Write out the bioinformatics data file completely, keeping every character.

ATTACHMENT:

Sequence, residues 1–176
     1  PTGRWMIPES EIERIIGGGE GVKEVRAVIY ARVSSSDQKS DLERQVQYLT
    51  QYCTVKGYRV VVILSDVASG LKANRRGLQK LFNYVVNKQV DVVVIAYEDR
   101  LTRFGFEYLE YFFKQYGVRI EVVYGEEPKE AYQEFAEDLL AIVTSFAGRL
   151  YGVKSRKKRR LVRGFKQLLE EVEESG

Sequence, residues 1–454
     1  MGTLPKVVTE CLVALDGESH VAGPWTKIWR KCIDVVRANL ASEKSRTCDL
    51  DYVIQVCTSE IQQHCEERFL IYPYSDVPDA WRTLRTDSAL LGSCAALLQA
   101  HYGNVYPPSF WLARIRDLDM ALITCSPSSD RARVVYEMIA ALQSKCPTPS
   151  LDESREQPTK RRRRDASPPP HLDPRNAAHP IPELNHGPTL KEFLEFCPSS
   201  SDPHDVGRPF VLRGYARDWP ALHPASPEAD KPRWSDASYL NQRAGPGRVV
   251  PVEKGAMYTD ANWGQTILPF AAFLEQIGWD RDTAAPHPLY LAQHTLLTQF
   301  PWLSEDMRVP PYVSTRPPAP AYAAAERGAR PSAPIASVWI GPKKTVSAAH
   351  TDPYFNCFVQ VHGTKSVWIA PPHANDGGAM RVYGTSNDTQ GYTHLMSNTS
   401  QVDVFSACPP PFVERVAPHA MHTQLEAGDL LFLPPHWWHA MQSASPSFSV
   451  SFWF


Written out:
Sequence, residues 1–176
     1  PTGRWMIPES EIERIIGGGE GVKEVRAVIY ARVSSSDQKS DLERQVQYLT
    51  QYCTVKGYRV VVILSDVASG LKANRRGLQK LFNYVVNKQV DVVVIAYEDR
   101  LTRFGFEYLE YFFKQYGVRI EVVYGEEPKE AYQEFAEDLL AIVTSFAGRL
   151  YGVKSRKKRR LVRGFKQLLE EVEESG

Sequence, residues 1–454
     1  MGTLPKVVTE CLVALDGESH VAGPWTKIWR KCIDVVRANL ASEKSRTCDL
    51  DYVIQVCTSE IQQHCEERFL IYPYSDVPDA WRTLRTDSAL LGSCAALLQA
   101  HYGNVYPPSF WLARIRDLDM ALITCSPSSD RARVVYEMIA ALQSKCPTPS
   151  LDESREQPTK RRRRDASPPP HLDPRNAAHP IPELNHGPTL KEFLEFCPSS
   201  SDPHDVGRPF VLRGYARDWP ALHPASPEAD KPRWSDASYL NQRAGPGRVV
   251  PVEKGAMYTD ANWGQTILPF AAFLEQIGWD RDTAAPHPLY LAQHTLLTQF
   301  PWLSEDMRVP PYVSTRPPAP AYAAAERGAR PSAPIASVWI GPKKTVSAAH
   351  TDPYFNCFVQ VHGTKSVWIA PPHANDGGAM RVYGTSNDTQ GYTHLMSNTS
   401  QVDVFSACPP PFVERVAPHA MHTQLEAGDL LFLPPHWWHA MQSASPSFSV
   451  SFWF